Professional players aged up to 30. They can be playing concerts, clubs, festivals, or teaching at residential events. Performing either solo, or in groups, using concertina. I’ll accept multi-instrumentalists, too. The key thing is that they are current performers, under the loosest terming of “professional”.

I believe that, as a community, C.net should be promoting our young professional players, as this generation will be in the forefront of continued success for the concertina, otherwise there will be a lot of cheap instruments available in about in 25 years time!

The information will be a “snapshot”, and may be useful to anyone seeking to book these younger performers.

So; can I ask for the following information, please?

Name
Concertina system(s) played
Type(s) of music played
Country or area in which based/performing
Link to website, if known



I’d hope that we might have most of the information available by late December.

Thanks,
Peter.


I don't know where many young professionals are, but I'm in Newcastle Upon Tyne. (Not sure if I'm classed as pro either!). I'm 21 and I came from Hastings to Newcastle for the Folk Degree.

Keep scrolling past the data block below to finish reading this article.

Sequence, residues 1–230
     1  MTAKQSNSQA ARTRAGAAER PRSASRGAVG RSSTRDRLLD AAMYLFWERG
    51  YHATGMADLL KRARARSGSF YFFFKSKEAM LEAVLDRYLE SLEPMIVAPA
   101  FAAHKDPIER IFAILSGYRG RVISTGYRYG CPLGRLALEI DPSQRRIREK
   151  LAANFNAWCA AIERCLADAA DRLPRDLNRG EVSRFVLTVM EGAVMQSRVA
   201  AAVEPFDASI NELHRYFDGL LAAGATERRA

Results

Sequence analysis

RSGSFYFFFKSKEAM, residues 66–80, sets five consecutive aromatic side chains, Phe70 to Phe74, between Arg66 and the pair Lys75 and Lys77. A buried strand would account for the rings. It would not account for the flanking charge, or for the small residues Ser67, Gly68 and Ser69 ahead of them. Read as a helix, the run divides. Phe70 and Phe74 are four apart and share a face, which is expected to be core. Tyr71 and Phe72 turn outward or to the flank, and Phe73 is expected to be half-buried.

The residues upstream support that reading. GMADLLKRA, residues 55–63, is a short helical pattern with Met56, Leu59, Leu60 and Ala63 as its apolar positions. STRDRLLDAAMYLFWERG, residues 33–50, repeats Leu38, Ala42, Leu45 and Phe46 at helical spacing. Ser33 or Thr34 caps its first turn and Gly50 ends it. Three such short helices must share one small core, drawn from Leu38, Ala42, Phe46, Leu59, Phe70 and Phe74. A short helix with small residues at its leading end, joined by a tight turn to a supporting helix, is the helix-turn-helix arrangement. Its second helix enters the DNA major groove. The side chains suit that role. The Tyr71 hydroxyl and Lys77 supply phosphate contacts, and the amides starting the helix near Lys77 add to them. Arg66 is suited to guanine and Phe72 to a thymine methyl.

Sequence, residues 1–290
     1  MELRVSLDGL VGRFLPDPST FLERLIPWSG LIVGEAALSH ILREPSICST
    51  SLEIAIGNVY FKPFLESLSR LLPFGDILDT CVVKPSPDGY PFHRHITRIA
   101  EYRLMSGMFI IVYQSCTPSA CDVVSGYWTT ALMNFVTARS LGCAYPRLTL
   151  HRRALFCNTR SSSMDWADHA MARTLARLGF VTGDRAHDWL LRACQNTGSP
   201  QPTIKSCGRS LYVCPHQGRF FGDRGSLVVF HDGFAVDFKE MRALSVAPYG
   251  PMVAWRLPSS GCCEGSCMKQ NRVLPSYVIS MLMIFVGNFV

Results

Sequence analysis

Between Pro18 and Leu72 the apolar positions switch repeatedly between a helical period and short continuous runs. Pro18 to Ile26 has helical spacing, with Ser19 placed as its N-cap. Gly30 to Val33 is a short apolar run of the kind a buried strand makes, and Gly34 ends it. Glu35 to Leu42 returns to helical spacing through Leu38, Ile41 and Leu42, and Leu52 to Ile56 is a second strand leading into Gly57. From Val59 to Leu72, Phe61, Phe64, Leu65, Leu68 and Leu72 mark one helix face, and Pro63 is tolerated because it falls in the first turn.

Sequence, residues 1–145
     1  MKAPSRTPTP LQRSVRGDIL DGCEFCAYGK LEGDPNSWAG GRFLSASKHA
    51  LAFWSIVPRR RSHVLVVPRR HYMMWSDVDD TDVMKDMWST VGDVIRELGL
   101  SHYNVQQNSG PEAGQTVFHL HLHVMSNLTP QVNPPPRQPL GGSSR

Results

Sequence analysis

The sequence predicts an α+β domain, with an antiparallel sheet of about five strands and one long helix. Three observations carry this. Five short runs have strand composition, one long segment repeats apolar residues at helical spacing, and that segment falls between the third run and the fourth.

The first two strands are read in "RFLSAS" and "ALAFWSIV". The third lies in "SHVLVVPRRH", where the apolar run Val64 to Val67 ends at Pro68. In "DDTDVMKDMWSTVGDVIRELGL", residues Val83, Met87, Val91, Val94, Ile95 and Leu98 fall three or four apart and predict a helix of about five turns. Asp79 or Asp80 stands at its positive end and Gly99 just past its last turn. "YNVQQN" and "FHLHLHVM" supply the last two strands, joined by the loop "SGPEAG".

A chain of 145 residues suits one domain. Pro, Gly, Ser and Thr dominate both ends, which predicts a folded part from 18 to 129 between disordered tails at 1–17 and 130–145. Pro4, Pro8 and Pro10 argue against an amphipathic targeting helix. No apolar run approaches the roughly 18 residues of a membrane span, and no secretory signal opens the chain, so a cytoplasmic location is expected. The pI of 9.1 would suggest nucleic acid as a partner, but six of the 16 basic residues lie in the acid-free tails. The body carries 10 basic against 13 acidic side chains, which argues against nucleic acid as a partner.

I play Anglo concertina only (and melodeon) and have a G/D C/G and D/A concertina.#

I'm heavily into english country dance music, and some irish (though I mainly play that on melodeon). Recently I have got into ragtime stuff that Vic Gammon has been teaching me.

I perform all over the country in the summer- Sidmouth, Broadstairs and sometimes Whitby folkweeks. Anywhere where you see Newcastle Kingsmen you'lll find me and a squeezebox, and the pubs, clubs and Universit of Newcastle, which is where I'm sat typing this.

Haven't got a website but my myspace is www.myspace.com/pipandjo


Edited by pipives, 02 December 2008 - 08:30 AM.


#49 pipives

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Posted 02 December 2008 - 08:31 AM

Sorry! Not sure why that posted twice! :unsure:

#50 PeterT

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Posted 02 December 2008 - 08:36 AM

I don't know where many young professionals are, but I'm in Newcastle Upon Tyne. (Not sure if I'm classed as pro either!). I came from Hastings to Newcastle for the Folk Degree.

I play Anglo concertina only (and melodeon) and have a G/D C/G and D/A concertina.#

I'm heavily into english country dance music, and some irish (though I mainly play that on melodeon). Recently I have got into ragtime stuff that Vic Gammon has been teaching me.